—From the very beginning of my tenure at the Playhouse (a large, regional, nonprofit theater in its own right) it was clear that there were frequent aspirations for transitioning shows to Broadway. We’re a regional Tony Award winner and have also won a Tony for shows we’ve transferred to New York. So, we have a profile in the region and we’re beholden to our patrons to provide the best possible experience with cutting-edge technology and by dedicating resources to our shows so that they’re great, not just on a local scale, but on a national, global scale.

Recently, the Playhouse had a huge capital campaign and opened a new building in March 2023. The theater we were in had been in place since the 1960s, so, this was a total campus renovation that required a big investment, not only for the build but also the technology needed to make it functional.


We’ve been devoted Clear-Com acolytes for years. Previously, we’d been using CELLCOM, but coming up to this build, we decided to upgrade to an Arcadia Base Station, FreeSpeak Edge and FreeSpeak II. Arcadia handles comms for the entire campus, which has two spaces: the 537-seat Moe and Jack’s Place— Rouse Theatre and the 172-seat Rosenthal Shelterhouse Theatre.

The Shelterhouse is our original theater. It’s literally a historic park department stonewalled shelter house with unique comm needs because it wasn’t built as a theater. Using FreeSpeak II there—with one antenna that covers the entire space even through the stone walls—along with FreeSpeak Edge, works well for our bigger space.

Getting shows up and running requires a lot of personnel who require constant, detailed communication. So we needed an intercom system that could handle a variety of needs for productions ranging from dramas and jukebox musicals to farces and Broadway shows with a large cast and orchestra. That’s

where Clear-Com comes into the picture— their technology is so flexible, modular, and scalable; and with Arcadia and FreeSpeak II we’re discovering features we didn’t even realize we wanted.


Now we’re running digital wired comms, FreeSpeak Edge, FreeSpeak II, and an old analog 4-channel wired system simultaneously through Arcadia. It’s pushing the whole system. We can communicate between digital and analog, wired and wireless, digital and digital comms. No matter what we need, we’re able to facilitate it, which I don’t think any of us in our wildest dreams expected we’d be able to do with one base station—especially for multiple spaces.

We can also create custom groups/channels that we can change depending on where we are in production. In tech rehearsals vs. previews vs. production, our needs are distinct, so being able to quickly and efficiently switch between those stages of production serves us very well. Even though we had minimal training on the system, on the first try, it all worked, which is rare. We just opened the web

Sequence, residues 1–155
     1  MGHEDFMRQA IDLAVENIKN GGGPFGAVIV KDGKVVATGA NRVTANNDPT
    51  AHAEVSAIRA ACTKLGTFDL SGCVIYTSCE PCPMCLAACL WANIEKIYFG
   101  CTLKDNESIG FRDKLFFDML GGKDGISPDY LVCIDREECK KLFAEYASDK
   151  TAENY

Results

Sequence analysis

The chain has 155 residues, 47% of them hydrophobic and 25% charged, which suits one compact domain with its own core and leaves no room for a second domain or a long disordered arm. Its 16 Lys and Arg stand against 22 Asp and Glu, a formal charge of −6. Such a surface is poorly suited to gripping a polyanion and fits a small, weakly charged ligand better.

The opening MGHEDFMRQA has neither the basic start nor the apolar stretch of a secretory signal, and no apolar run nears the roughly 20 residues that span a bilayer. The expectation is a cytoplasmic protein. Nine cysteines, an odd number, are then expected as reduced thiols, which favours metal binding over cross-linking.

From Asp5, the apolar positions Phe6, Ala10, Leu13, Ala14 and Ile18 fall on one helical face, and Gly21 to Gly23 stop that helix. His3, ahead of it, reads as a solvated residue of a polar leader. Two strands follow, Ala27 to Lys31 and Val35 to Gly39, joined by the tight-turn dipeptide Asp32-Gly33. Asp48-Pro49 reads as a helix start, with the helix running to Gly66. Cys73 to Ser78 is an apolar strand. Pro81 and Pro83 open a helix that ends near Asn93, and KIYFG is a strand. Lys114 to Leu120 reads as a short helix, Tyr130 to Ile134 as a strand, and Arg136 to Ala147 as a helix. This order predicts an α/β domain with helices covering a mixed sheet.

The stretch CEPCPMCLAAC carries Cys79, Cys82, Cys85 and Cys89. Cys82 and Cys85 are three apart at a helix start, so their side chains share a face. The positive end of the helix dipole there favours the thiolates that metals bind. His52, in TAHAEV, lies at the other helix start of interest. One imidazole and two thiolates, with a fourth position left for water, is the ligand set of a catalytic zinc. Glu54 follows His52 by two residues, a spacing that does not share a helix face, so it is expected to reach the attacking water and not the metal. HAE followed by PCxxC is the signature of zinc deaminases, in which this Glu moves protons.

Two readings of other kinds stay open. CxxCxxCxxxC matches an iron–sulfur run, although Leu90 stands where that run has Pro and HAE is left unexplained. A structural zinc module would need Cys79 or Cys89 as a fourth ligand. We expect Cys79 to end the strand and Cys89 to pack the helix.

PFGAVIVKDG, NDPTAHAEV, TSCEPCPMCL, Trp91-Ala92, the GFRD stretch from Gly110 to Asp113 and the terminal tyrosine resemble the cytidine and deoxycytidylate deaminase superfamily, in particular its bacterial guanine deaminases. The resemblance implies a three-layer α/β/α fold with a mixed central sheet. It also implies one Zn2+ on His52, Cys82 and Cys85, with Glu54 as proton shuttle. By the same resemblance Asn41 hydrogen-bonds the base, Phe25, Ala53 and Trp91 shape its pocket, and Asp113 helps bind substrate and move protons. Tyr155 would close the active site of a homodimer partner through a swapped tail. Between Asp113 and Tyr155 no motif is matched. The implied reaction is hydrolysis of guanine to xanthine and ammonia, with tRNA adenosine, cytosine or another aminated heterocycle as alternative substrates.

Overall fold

browser, set it up the way we wanted, tested it, and it worked immediately. Right off the bat, the cross-platform functionality—using all these different Clear-Com technologies together and being able to communicate between them—was tremendous.

But to me, the primary function of comms is safety. This new theater has many moving parts overhead we didn’t have before: set pieces flying in and out, automated scenery, trap doors, and all manner of motorized, moving objects that can be dangerous if you don’t have constant, vigilant communication. The fact that people can communicate with whoever they need to efficiently and quickly is very important.

Clear-Com’s audio quality also plays into that—noise, interference, ringing, buzzing or just being unable to hear what people are saying. Eliminating that helps us focus and communicate more clearly. l

More information is available at

equipment guide | audio
Aaron Stephenson is A/V supervisor for Cincinnati Playhouse in the Park. He can be reached at
USER REPORT | | September 2023 31
Aaron Stephenson relies on new gear from Clear-Com for comms at two new theaters at the Cincinnati Playhouse in the Park.


The MPA1 product family provides quick and simple operation, with each model available as a Solo or Mix variant.

ST 2110, 3G/HD/SD-SDI, Dante, MADI, AES and Analog audio interfaces are all catered for by the MPA1 Range of audio monitoring products. All MPA1 monitors share the same 1RU form factor at only 100mm deep, with a built-in power supply and are ideally suited for where space and weight is a premium, such as OB trucks, flyaways, SNG and ENG trucks. Offering simple and intuitive control, the MPA1 range has been designed to enable the smoothest of workflows for operators and engineers working under high pressure such as with live production. In addition, all MPA1 ranges can be configured, controlled and monitored via web interface, enabling facility-wide management of MPA1 from a single desktop PC.

DPA Microphones

DLS4000 Location Sound Kit